A boss shouldn't treat a worker different because of a past or current condition like cancer, pregnancy, or hearing impairment.
Harassment is a serious act. An employer can't harass an applicant or worker because of a disability, or the suspicion that the disability won't go away within six months or less.
Employers can harass a worker with offensive comments about the disability. The frequency and severity of the harassment could create a hostile work environment. It might result in the firing or demotion of an employee, according to the EEOC.
But harassment can come from a peer in the employee's department or another part of the company. If a disabled person feels like he or she is a harassment victim, then a complaint should be filed. The employee may want to speak with an attorney too.
Employers must provide reasonable accommodation for employees with a disability. The accommodations are at the expense of the employer.
Accommodations for disable employees allow them to apply for a position, perform their job tasks, or enjoy the advantages of employment.
An example is making a building wheelchair accessible and having readers and interpreters for blind and deaf workers. More examples include extra bathroom breaks or a special chair.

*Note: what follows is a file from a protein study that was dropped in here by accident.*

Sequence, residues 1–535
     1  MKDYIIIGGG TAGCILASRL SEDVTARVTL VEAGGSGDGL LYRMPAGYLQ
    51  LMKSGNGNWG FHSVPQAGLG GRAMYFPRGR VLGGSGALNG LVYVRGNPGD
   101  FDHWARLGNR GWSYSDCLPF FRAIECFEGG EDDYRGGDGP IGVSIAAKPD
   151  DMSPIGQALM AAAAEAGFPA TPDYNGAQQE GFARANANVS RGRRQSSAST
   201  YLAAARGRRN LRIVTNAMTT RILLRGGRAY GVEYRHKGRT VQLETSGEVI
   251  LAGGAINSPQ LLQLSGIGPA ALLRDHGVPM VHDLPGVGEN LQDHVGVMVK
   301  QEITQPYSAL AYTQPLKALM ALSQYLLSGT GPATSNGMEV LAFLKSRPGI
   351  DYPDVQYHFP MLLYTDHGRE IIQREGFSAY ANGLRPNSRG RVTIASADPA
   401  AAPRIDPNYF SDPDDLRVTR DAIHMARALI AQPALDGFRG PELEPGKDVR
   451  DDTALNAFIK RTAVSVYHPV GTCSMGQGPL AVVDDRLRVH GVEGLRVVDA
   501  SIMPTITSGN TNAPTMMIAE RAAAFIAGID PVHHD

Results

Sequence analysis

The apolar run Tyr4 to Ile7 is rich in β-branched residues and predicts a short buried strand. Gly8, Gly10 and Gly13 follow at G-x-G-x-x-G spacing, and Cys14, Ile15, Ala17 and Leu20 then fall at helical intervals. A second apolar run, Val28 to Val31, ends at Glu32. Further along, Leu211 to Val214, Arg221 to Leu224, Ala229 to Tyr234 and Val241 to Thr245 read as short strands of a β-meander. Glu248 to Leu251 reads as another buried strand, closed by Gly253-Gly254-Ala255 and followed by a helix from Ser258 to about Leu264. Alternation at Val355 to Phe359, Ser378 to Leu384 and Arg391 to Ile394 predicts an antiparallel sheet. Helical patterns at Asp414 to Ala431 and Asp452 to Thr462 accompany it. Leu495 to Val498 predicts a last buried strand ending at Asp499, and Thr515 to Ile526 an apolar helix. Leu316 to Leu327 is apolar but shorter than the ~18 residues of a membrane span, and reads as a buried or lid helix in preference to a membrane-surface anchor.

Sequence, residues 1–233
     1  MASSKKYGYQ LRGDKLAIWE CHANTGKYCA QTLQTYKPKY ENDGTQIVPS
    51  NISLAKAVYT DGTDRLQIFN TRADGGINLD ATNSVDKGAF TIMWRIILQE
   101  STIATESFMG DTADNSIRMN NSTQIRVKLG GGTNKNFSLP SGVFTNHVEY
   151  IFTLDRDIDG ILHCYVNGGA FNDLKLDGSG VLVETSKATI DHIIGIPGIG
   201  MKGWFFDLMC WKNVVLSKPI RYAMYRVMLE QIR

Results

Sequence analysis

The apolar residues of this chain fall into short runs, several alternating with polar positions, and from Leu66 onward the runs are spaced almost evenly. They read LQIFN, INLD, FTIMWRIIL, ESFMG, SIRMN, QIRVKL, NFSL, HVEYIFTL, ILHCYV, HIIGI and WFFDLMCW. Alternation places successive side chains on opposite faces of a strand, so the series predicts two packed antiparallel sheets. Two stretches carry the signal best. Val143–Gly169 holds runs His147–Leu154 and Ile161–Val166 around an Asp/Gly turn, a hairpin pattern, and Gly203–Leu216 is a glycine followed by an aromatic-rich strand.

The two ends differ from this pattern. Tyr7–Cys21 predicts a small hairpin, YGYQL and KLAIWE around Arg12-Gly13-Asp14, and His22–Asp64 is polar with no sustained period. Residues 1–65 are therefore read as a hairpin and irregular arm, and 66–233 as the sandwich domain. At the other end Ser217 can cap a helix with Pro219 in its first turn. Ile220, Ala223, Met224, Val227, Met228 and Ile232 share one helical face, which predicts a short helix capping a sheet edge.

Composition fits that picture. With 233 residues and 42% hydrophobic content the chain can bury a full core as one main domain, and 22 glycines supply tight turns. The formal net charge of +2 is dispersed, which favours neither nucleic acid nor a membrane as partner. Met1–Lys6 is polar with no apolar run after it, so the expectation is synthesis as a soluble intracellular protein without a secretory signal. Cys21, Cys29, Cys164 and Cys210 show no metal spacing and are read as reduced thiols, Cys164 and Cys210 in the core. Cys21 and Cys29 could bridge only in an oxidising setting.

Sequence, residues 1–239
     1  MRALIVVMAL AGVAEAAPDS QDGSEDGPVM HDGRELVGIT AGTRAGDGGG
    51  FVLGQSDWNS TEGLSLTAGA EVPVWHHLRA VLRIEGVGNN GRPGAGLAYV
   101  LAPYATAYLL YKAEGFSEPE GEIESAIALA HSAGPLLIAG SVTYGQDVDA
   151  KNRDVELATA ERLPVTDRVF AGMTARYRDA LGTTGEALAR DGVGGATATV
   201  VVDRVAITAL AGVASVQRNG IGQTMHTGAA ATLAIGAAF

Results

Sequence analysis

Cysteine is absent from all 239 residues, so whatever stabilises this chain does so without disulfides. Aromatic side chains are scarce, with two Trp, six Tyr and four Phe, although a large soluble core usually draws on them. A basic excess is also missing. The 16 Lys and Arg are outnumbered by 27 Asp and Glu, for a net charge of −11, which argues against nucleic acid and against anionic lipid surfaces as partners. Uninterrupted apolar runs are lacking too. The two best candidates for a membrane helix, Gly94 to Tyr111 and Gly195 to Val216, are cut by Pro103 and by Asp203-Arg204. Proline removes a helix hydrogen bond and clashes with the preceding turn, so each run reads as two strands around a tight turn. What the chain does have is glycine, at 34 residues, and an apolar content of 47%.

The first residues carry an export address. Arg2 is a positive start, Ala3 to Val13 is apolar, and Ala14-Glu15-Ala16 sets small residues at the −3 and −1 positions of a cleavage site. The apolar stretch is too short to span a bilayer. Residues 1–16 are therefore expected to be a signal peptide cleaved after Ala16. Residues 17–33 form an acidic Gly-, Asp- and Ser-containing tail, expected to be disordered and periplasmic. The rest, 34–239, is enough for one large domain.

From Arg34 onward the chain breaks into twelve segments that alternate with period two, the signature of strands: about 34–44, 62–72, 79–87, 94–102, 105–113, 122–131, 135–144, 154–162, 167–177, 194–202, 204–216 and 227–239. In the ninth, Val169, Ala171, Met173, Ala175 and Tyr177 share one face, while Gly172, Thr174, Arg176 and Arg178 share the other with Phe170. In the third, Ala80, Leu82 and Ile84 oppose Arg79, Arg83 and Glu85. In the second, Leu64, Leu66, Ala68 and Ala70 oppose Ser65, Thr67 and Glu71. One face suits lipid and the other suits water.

The only exception for an employer to not offer reasonable accommodation is when doing so would create a financial hardship.
Interview and Application Questions
Laws protect workers from answering questions about medical questions and identifying as disabled. A potential employer can't ask someone to take a medical exam without an offer of employment. An interviewer can't ask if a person is disabled.
An interviewer could ask about how well the person could complete the tasks. A boss has the right to know if someone can complete their daily assignments. The questions
Pre-employment Medical Exams
Having to complete a physical before starting a new job is usually a great first step to a new career. But an employer can't ask an applicant to complete an exam before offering the job.
In some cases, a company might want to discriminate against a disabled applicant by having them visit the doctor and then making their decision. This practice is against the law.
An official offer of employment is necessary for someone to complete a physical. After a company chooses to hire someone, a medical exam is fine and should be done. Depending on the job, a physical exam will determine if the person is well enough to do it.
Fight For Your Rights
Disability discrimination affects people around the world. It can happen in the workplace or a social setting. Workplace disability discrimination can keep a person from earning money and being independent.
If you know someone facing workplace disability discrimination, then suggest they seek help. No one deserves to be mistreatment, especially for something out of their control. To learn more helpful job tips, please review our website.